1 Introduction
Principal Component Analysis (PCA) is one of the most popular dimensionality reduction techniques [1]. Given a large set of possibly correlated features, it attempts to find a small set of features (principal components
) that retain as much information as possible. To generate such new dimensions, it linearly transforms original features by multiplying
loading vectors
in a way that newly generated features are orthogonal and have the largest variances.
In traditional PCA, variances are measured using the norm. This has a nice property that although the problem itself is nonconvex, the optimal solution can be easily found through matrix factorization. With this property, together with its easy interpretability, PCA has been extensively used in a variety of applications. However, despite of its success, it still has some limitations. First, since it generates new dimensions through a linear combination of features, it is not able to capture nonlinear relationships between features. Second, as it uses the norm for measuring variance, its solutions tend to be substantially affected by influential outliers. To overcome these limitations, the following two approaches have been proposed.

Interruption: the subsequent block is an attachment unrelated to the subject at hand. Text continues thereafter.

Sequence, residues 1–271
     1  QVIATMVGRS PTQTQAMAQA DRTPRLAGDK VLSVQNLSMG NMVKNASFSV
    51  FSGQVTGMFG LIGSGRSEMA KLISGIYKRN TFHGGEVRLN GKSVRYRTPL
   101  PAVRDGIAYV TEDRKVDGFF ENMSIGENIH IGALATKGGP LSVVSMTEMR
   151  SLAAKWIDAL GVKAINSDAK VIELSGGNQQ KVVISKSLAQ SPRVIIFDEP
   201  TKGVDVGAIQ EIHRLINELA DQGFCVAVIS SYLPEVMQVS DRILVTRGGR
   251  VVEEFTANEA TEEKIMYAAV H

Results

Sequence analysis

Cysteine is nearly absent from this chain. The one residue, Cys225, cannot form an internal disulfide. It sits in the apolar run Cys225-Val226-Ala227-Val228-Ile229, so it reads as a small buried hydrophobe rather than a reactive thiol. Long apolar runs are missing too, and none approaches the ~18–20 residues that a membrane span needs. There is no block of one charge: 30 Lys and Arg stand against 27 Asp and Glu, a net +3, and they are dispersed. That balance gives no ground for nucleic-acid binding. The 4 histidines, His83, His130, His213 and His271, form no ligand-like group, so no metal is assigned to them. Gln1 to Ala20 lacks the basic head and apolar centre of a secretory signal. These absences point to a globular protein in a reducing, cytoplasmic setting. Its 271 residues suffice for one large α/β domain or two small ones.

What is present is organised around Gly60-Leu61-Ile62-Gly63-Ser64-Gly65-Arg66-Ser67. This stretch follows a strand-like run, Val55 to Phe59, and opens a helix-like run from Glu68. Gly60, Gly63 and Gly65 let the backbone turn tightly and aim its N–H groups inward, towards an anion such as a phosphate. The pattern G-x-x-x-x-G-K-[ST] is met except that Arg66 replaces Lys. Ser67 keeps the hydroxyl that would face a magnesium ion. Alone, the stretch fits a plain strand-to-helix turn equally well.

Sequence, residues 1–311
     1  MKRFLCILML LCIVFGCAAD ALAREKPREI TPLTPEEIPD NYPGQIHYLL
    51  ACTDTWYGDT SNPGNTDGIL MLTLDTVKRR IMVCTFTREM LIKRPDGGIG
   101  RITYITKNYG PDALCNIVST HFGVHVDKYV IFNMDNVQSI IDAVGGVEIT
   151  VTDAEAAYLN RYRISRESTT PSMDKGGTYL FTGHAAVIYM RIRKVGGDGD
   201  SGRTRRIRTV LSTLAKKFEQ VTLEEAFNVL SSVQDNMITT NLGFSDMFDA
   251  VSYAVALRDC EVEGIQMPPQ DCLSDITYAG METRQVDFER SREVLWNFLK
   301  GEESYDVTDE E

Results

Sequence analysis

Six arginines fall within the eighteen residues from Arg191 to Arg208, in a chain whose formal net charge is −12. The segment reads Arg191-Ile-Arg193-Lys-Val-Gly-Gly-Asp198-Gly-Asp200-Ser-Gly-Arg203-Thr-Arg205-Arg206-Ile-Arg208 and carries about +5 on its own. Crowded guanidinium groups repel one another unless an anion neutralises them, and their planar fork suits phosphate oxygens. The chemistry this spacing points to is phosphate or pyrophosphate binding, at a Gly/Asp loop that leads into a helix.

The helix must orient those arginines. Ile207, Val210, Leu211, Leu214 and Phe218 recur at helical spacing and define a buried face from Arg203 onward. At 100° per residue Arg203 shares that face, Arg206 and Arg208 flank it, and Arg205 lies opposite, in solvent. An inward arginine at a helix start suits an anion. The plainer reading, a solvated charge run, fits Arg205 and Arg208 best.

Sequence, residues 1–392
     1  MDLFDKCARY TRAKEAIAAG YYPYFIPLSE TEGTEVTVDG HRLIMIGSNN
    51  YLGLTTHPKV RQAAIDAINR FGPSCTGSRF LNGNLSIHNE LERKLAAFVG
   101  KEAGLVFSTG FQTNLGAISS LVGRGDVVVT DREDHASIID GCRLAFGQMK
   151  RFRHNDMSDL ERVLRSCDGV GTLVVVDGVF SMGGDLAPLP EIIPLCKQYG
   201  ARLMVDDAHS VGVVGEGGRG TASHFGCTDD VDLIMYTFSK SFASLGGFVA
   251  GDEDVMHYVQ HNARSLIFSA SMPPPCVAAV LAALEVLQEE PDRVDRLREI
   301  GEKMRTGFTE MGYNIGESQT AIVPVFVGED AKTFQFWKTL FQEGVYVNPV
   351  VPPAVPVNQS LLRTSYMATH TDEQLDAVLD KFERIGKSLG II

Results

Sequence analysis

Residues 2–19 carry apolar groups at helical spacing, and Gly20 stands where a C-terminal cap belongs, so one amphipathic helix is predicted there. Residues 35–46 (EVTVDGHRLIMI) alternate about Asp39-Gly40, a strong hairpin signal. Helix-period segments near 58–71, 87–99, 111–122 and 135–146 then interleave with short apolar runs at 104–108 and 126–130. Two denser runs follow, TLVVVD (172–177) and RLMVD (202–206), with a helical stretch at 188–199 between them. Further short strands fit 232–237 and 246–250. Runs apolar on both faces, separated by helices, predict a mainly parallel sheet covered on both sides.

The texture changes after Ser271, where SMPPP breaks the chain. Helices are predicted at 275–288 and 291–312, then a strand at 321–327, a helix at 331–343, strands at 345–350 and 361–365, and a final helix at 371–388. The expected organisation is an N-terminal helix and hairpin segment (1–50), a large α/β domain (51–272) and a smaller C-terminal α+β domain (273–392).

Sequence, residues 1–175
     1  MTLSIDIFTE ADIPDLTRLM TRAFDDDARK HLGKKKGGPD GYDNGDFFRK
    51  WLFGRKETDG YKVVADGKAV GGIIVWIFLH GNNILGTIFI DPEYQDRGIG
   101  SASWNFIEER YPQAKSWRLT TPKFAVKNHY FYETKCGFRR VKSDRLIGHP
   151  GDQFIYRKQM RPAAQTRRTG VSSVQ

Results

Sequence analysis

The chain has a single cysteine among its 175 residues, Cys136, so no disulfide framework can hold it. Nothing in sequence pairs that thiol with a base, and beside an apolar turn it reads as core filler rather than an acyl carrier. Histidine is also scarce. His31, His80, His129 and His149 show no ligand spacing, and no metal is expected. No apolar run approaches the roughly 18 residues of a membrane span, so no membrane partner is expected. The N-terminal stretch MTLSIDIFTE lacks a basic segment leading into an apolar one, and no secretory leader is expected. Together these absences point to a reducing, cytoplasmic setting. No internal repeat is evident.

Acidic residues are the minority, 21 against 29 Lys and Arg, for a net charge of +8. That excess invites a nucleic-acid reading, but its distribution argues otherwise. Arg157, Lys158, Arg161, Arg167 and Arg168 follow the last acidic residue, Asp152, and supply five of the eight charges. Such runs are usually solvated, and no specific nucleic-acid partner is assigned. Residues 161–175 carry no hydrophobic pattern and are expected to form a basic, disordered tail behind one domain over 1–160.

Kernel PCA The idea of kernel PCA is to map original features into a highdimensional feature space, and perform PCA in that highdimensional feature space [2]. With nonlinear mappings, we can capture nonlinear relationships among features, and this computation can be done efficiently using the kernel trick. With the kernel trick, computations of principal components can be done without an explicitly mapping.
L_{1}norm PCA To alleviate the effects of influential observations, L_{1}norm PCA uses the L_{1}norm instead of the L_{2}norm to measure variances. The L_{1}norm is more advantageous than the L_{2}norm when there are outliers having large feature values since it is less influenced by them. By utilizing this property, more robust results can be obtained through the norm based formulation in the presence of influential outliers.